<span style="color:#8c868f">// One can use some resources even if they were not configured beforehand.</span>
acceleration[arrayPosition] <span style="color:#ff7800">=</span> accelerometer<span style="color:#ff7800">.</span>magnitude<span style="color:#ff7800">.</span>read();
arrayPosition <span style="color:#ff7800">=</span> (arrayPosition <span style="color:#ff7800">+</span> <span style="color:#3b5bb5">1</span>) <span style="color:#ff7800">%</span> acceleration<span style="color:#ff7800">.</span>length();
<span style="color:#8c868f">// The mean() function can be called using the familiar OO-style notation.</span>
<span style="color:#8c868f">// The expression on the left side of the dot becomes the first argument</span>
<span style="color:#8c868f">// of the function call.</span>
<span style="color:#ff7800">if</span>(acceleration<span style="color:#ff7800">.</span>mean() <span style="color:#ff7800">></span> <span style="color:#3b5bb5">5000</span>) {
<span style="color:#8c868f">// Writing to the signal instance we've created in the signal block</span>
<span style="color:#8c868f">// above sends out the MQTT message (backend is an MQTT resource</span>
<span style="color:#8c868f">// after all). Using backticks we can use string interpolation.</span>
<span style="color:#8c868f">// Here we construct a JSON string inline to the function call.</span>
backend<span style="color:#ff7800">.</span>events<span style="color:#ff7800">.</span>write(`{ <span style="color:#409b1c">"type"</span><span style="color:#ff7800">:</span> <span style="color:#409b1c">"shock"</span>, <span style="color:#409b1c">"mag"</span><span style="color:#ff7800">:</span> ${acceleration<span style="color:#ff7800">.</span>mean()} }`);
}
}
<span style="color:#8c868f">// Events are described and offered by the platforms.</span>
<span style="color:#8c868f">// This pressed event exists because the xdk110 platform imported</span>
<span style="color:#8c868f">// above declares it.</span>
every button_one<span style="color:#ff7800">.</span>pressed {
<span style="color:#ff7800">for</span>(var i <span style="color:#ff7800">=</span> <span style="color:#3b5bb5">0</span>; i <span style="color:#ff7800">&lt;</span> acceleration<span style="color:#ff7800">.</span>length(); i<span style="color:#ff7800">++</span>) {
acceleration[i] <span style="color:#ff7800">=</span> <span style="color:#3b5bb5">0</span>;
}
arrayPosition <span style="color:#ff7800">=</span> <span style="color:#3b5bb5">0</span>;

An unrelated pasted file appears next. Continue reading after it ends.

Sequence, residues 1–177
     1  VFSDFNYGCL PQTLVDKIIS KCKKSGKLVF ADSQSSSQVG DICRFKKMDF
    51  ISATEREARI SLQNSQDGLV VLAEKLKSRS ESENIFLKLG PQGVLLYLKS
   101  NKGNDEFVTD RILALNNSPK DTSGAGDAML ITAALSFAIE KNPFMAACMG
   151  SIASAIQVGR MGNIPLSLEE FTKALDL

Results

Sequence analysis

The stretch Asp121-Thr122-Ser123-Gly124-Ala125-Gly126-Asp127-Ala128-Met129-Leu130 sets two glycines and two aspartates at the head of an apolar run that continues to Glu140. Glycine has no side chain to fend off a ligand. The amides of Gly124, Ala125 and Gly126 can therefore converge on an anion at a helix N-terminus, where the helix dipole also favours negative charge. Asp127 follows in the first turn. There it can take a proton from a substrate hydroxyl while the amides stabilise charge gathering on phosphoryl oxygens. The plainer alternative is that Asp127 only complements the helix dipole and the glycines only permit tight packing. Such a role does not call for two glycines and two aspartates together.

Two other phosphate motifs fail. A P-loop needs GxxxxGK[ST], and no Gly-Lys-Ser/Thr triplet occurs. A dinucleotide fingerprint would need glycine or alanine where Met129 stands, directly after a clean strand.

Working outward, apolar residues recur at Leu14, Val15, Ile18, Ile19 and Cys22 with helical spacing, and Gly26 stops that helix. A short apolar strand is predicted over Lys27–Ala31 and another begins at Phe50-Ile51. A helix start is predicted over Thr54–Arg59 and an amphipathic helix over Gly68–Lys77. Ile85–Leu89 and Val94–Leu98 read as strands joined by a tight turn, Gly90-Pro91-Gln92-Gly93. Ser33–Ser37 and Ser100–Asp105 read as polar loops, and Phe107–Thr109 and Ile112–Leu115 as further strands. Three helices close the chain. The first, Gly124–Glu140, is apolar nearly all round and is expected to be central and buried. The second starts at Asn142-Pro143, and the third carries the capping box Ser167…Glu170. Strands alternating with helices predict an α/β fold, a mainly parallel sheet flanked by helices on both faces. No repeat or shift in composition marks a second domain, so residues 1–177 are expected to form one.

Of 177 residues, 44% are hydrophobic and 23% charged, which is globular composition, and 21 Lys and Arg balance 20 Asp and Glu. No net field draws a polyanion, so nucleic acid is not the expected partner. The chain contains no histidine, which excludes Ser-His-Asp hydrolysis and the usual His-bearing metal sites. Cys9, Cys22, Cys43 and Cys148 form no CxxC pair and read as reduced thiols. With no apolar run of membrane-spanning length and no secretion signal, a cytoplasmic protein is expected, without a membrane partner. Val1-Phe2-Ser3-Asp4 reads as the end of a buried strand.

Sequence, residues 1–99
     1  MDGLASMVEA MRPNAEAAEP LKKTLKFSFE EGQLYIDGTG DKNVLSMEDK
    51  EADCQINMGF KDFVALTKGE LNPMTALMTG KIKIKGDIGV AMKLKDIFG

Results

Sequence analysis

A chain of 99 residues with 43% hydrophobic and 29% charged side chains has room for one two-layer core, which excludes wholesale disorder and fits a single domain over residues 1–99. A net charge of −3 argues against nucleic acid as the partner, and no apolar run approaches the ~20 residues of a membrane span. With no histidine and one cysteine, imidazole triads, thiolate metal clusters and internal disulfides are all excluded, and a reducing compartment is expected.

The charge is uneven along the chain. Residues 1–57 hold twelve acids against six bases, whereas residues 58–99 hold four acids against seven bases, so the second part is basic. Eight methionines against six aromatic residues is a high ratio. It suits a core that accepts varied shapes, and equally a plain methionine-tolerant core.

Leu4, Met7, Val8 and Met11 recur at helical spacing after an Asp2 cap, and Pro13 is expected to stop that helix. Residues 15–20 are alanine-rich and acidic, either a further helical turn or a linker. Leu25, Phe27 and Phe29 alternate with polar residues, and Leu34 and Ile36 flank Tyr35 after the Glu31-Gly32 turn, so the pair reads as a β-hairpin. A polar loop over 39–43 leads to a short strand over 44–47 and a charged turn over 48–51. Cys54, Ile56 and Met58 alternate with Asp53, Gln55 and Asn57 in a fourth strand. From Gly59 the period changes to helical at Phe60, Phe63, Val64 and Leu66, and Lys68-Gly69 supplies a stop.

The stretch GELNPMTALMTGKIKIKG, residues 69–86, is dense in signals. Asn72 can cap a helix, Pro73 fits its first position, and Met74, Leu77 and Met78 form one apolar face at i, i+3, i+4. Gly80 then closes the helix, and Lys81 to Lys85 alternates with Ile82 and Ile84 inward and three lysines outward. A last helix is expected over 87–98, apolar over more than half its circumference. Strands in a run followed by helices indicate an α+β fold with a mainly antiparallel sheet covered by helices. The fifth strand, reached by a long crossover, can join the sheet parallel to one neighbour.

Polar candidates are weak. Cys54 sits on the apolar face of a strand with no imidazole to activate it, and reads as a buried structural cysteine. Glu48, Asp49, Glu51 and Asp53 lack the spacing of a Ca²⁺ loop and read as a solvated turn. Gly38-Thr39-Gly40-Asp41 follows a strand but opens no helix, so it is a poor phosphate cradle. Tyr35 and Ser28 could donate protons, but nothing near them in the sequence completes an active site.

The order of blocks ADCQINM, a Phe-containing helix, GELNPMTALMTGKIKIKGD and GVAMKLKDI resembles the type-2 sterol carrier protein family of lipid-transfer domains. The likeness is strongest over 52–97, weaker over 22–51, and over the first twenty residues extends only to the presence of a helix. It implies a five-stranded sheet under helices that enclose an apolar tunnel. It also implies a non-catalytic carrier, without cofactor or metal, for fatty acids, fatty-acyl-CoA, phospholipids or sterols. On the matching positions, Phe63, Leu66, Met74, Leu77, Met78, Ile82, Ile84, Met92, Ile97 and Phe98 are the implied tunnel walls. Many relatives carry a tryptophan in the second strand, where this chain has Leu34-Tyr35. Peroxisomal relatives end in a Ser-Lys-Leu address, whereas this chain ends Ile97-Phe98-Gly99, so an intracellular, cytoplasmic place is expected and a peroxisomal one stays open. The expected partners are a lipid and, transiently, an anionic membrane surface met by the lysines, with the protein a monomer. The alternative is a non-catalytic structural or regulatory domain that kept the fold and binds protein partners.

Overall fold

}
</pre>
<h2>Conclusion</h2>
<p>Eclipse Mita is a new programming language for the embedded IoT. It aims to close the gap between cloud and embedded development, bringing both communities closer together. We support high-level features by combining a model-driven with an imperative language approach, transpiling to C. This affords control over our devices and scales from prototype to production.</p>
<p>The next items on the roadmap after the initial contribution are supporting more platforms, improving the type system and extending the event handling.</p>
<p>If you have any questions, or would like to help out building Mita, please get in touch on the <a target="_blank" href="https://accounts.eclipse.org/mailing-list/mita-dev">mailing list</a>.</p>
<div class="bottomitem">
<h3>About the Author</h3>
<div class="row">
<div class="col-sm-12">
<div class="row">
<div class="col-sm-8">
<img class="img-responsive"
src="/community/eclipse_newsletter/2018/march/images/christian.jpeg"
alt="Christian Weichel" />
</div>
<div class="col-sm-16">
<p class="author-name">
Christian Weichel<br />
<a target="_blank" href="https://www.bosch-connectivity.com/">Bosch Connected Devices and Solutions</a>
</p>
<ul class="author-link list-inline">
<li><a class="btn btn-small btn-warning" target="_blank" href="https://twitter.com/csweichel">Twitter</a></li>
<li><a class="btn btn-small btn-warning" target="_blank" href="https://www.linkedin.com/in/christian-weichel-740b4224/">LinkedIn</a></li>
<?php //echo $og; ?>
</ul>
</div>
</div>
</div>
</div>
</div>